Links for researchers, administrators, teachers, and students interested in open-ended forms of learning. It includes examples from classrooms, curriculum units, and theory across age levels and curriculum topics. Although a wide variety of instructional approaches and theories are represented, a central theme is that learning is the process of constructing meaning. This implies the need for active learning, which engages all the senses. Inquiry-based instruction is typically conceived as fostering the abilities to communicate with those from different perspectives, to articulate problems out of complex and messy situations, and to collaborate with others. In an inquiry classroom, the teacher becomes a partner in inquiry, not merely a disseminator of information. The teacher also takes an active role in inquiring about the processes of teaching and learning.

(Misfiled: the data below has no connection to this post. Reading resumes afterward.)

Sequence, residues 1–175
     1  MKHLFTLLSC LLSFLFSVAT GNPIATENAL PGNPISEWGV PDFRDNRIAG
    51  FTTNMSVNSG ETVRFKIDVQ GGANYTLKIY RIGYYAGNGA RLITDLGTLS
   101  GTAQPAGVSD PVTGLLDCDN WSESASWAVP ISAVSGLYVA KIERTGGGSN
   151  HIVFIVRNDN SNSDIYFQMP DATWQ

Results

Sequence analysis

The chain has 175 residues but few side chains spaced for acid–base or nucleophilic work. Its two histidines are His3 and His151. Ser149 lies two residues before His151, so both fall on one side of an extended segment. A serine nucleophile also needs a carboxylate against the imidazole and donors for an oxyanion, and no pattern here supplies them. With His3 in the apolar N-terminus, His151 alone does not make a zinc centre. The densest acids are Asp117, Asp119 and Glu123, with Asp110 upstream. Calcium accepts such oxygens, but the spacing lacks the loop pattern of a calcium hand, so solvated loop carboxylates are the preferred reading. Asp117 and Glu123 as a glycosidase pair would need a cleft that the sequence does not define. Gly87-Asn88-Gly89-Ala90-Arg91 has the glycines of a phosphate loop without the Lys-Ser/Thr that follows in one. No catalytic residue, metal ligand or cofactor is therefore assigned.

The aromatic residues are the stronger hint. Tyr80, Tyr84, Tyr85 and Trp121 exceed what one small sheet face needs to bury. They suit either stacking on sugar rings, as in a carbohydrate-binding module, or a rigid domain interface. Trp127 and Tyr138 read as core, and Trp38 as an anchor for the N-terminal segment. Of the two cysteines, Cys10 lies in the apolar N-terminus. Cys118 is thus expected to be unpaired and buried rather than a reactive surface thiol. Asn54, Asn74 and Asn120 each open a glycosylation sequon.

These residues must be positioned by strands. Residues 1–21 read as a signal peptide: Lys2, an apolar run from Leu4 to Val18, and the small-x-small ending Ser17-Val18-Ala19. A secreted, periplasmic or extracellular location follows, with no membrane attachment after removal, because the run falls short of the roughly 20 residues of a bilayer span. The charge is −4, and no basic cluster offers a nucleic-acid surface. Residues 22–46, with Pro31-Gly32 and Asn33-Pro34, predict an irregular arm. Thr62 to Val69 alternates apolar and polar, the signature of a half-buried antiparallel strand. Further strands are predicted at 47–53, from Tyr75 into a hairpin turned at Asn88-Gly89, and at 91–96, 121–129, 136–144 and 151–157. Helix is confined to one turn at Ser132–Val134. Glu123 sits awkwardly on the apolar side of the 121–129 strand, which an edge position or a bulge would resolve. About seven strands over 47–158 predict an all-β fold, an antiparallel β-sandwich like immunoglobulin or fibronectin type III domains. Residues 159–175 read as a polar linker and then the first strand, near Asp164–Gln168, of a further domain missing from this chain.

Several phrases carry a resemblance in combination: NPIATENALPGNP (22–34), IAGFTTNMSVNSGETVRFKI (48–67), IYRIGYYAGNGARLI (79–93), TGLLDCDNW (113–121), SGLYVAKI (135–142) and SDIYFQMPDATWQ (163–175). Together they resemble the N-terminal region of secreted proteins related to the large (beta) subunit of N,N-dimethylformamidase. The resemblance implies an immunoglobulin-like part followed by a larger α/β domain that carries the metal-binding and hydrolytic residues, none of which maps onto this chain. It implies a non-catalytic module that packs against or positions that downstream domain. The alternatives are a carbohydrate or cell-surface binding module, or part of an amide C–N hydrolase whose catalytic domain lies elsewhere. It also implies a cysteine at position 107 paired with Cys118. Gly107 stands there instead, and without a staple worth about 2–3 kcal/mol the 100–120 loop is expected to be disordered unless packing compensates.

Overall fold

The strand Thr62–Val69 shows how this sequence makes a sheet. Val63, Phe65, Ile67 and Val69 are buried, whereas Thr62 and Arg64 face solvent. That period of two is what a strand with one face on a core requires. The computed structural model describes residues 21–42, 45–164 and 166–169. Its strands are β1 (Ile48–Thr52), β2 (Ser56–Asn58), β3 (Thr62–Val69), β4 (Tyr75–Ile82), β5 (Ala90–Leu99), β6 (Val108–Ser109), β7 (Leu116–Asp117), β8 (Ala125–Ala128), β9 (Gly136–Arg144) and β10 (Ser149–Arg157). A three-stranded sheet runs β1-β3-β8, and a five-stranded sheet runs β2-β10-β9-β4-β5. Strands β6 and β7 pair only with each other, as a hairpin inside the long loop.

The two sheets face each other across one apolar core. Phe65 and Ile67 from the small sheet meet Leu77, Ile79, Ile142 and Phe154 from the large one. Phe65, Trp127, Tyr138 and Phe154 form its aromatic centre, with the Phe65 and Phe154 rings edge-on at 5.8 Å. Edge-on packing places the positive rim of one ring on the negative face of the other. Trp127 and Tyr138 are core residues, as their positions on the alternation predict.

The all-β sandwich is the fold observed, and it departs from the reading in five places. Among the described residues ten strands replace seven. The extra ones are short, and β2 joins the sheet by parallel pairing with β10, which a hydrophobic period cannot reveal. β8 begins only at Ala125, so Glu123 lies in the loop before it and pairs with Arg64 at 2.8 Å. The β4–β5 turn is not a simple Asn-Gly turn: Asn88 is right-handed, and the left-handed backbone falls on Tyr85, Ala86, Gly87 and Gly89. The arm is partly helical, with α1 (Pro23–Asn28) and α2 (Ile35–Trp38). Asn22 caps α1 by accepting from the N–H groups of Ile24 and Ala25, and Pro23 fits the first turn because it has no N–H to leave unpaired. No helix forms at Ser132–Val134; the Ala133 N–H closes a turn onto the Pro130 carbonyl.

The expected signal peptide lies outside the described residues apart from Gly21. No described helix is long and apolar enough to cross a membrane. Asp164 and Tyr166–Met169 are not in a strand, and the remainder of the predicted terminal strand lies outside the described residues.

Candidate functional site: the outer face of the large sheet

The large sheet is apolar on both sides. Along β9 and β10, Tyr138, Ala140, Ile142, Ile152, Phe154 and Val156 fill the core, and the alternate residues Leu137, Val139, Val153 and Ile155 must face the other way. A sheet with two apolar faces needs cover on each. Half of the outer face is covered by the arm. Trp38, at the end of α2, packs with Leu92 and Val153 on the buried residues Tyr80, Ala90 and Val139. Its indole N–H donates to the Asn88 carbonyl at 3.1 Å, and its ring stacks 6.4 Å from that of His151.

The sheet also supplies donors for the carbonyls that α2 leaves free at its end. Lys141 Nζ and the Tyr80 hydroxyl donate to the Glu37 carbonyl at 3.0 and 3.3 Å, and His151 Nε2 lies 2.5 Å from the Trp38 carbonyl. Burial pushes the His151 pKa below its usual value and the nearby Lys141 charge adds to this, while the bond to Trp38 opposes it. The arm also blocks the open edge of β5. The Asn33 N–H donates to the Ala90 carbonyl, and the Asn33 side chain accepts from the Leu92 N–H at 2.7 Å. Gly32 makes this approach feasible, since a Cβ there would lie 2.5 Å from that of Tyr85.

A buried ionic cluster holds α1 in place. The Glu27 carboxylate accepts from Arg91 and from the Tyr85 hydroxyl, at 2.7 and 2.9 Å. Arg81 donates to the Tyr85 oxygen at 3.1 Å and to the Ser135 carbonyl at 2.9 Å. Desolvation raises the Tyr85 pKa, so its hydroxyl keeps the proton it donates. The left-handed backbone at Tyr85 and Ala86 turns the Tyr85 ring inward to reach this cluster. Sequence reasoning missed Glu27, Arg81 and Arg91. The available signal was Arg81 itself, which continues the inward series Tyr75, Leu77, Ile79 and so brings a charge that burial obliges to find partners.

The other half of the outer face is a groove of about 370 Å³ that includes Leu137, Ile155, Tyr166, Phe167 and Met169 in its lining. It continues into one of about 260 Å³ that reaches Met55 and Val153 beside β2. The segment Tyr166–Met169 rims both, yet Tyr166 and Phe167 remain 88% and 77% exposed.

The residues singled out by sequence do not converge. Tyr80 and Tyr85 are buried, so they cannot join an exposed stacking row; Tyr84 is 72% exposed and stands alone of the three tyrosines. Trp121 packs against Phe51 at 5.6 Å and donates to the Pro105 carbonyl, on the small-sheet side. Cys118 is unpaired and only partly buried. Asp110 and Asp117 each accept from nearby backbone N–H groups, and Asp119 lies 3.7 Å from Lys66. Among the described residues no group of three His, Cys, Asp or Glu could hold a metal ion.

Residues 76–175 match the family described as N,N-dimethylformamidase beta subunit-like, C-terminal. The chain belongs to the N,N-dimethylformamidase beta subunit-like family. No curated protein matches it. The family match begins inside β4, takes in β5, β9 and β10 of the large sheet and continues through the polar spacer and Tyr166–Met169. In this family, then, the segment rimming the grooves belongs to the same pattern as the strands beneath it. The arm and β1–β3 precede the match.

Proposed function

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Last update:June 12, 2016 at 10:24:03 UTC